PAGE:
Copyright 2002 Knight Ridder/Tribune News Service

Knight Ridder/Tribune News Service

The Dallas Morning News…07/10/2002

From LexisNexis

The nation's communications regulators are taking pains to ensure that service to WorldCom Inc.'s more than 20 million customers will not suffer even if the telecommunications company declares bankruptcy.

Unlike other distressed phone and Internet companies that have failed recently, WorldCom's shadow is large and falls far. The nation's second-biggest long-distance company carries more than half the nation's Internet traffic and 70 percent of its e-mails.

On Tuesday, Federal Communications Commissioner Kathleen Abernathy told reporters the agency is "very focused" on making sure customers stay connected. However, she stressed the FCC is not going out of its way to help the company survive.

"It's not our job to decide winners and losers," said Abernathy, who was appointed to the FCC in May 2001 by President Bush. "Our main concern is to ensure consumers are served, and that we will still have a competitive environment."

The Texas Public Utility Commission has also been in talks with WorldCom to assure customers are taken care of, said chairwoman Rebecca Klein.

"Our interests are making sure that customers are taken care of and making sure the dialogue is open with WorldCom MCI," she said.

WorldCom, which the Securities and Exchange Commission has charged with civil fraud for inflating earnings, anticipates no deterioration of service, company spokesman Brad Burns said.

Telecommunications experts second that notion.

"The company can continue to operate," said Phil Jacobson, a general partner at Network Conceptions LLC, a consulting firm. In bankruptcy, "they will dedicate that cash to running the business, to paying the employees, to paying vendors."

The FCC can compel companies it licenses for phone and data services to continue service for at least 30 days after declaring bankruptcy. The agency used that power to force Rhythms NetConnections Inc. to stay in service in August 2001. WorldCom eventually bought the firm's digital subscriber line assets.

But the FCC could not stall the demise of At Home Corp., the cable modem service provider, because regulators lacks jurisdiction over retail Internet service providers.

WorldCom is clearly within the agency's jurisdiction, Abernathy said.

FCC Chairman Michael Powell has met with WorldCom chief executive John Sidgmore to ensure customers will continue to receive telephone and Internet service over WorldCom's vast network.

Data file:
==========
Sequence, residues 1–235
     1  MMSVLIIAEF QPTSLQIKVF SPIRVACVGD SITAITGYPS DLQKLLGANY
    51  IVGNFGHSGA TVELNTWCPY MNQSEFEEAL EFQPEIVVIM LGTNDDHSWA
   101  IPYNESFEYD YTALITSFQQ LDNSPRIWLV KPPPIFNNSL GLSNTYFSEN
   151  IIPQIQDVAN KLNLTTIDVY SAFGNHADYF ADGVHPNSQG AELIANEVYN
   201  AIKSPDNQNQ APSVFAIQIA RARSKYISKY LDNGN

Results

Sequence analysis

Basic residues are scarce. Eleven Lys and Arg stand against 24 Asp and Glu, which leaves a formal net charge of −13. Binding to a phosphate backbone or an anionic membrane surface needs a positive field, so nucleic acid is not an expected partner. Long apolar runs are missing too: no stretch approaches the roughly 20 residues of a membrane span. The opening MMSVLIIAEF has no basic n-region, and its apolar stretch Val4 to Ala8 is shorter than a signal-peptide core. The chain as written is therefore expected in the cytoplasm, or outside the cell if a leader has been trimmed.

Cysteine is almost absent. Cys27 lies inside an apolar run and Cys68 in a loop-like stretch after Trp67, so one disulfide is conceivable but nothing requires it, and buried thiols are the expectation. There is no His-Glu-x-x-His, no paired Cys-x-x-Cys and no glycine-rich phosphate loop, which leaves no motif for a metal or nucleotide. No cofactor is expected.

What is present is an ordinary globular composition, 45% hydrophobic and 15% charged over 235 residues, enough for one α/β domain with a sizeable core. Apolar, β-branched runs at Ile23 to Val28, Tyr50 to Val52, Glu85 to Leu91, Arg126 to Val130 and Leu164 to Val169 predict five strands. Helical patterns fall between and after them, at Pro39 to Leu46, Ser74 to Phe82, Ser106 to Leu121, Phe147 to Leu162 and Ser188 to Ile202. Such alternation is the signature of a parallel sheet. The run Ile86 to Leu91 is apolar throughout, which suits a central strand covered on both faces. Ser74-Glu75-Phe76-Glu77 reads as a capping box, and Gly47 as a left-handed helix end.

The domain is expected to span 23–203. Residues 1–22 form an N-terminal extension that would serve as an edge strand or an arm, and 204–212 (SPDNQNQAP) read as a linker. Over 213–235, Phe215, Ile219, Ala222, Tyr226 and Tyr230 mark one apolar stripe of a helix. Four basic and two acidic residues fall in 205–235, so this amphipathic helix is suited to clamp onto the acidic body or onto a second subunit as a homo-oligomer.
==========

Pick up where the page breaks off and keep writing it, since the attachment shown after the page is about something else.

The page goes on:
"The chairman is very well aware of the importance of this company to the telecommunications industry," Abernathy said.

While the FCC has limited legal powers to keep phone companies in business, it can use its prominent status to reassure consumers and businesses.

"The FCC has some influence over perception," said Robert C. Atkinson, a former FCC official. Regulators are, in effect, telling customers, 'Don't panic, Don't be irrational. Just hang in there.'"

That reassurance is key. If customers panic and start leaving in droves, WorldCom could run into a debilitating cash crunch, said Atkinson, a research director at Columbia University's Institute for Tele-Information.

Another concern is financial relations between WorldCom and local-phone companies, which charge long-distance companies billions in access fees to connect to customers. Burns confirmed that one or more of the nation's four major local companies have asked WorldCom to make deposits.

"We are obviously working with them closely on that," he said. "It's important to remember that we are (local) companies' second-biggest customer."

San Antonio-based SBC Communications Inc., the nation's second-biggest local-phone company, declined to comment.

If the deposits are substantial or local companies begin demanding advance payments, WorldCom's cash flow could be squeezed.

"The (Baby) Bell companies would have to be extra careful, because if they change their billing and collection policies, and that was seen as the straw that broke the camel's back, they are going to have some liabilities," Atkinson said.

The FCC would have "no jurisdiction," over an access-charge fight between local companies and WorldCom, Abernathy said.

But Matt Brill, an FCC attorney, said WorldCom may have a case against the Bells if they demanded different payment arrangements.

Klein said the PUC, too, wouldn't be able to mediate on the matter.

Burns said WorldCom doesn't anticipate changes in access charges would affect its service. "We certainly don't expect our customers to be impacted by the current situation in any way," he said.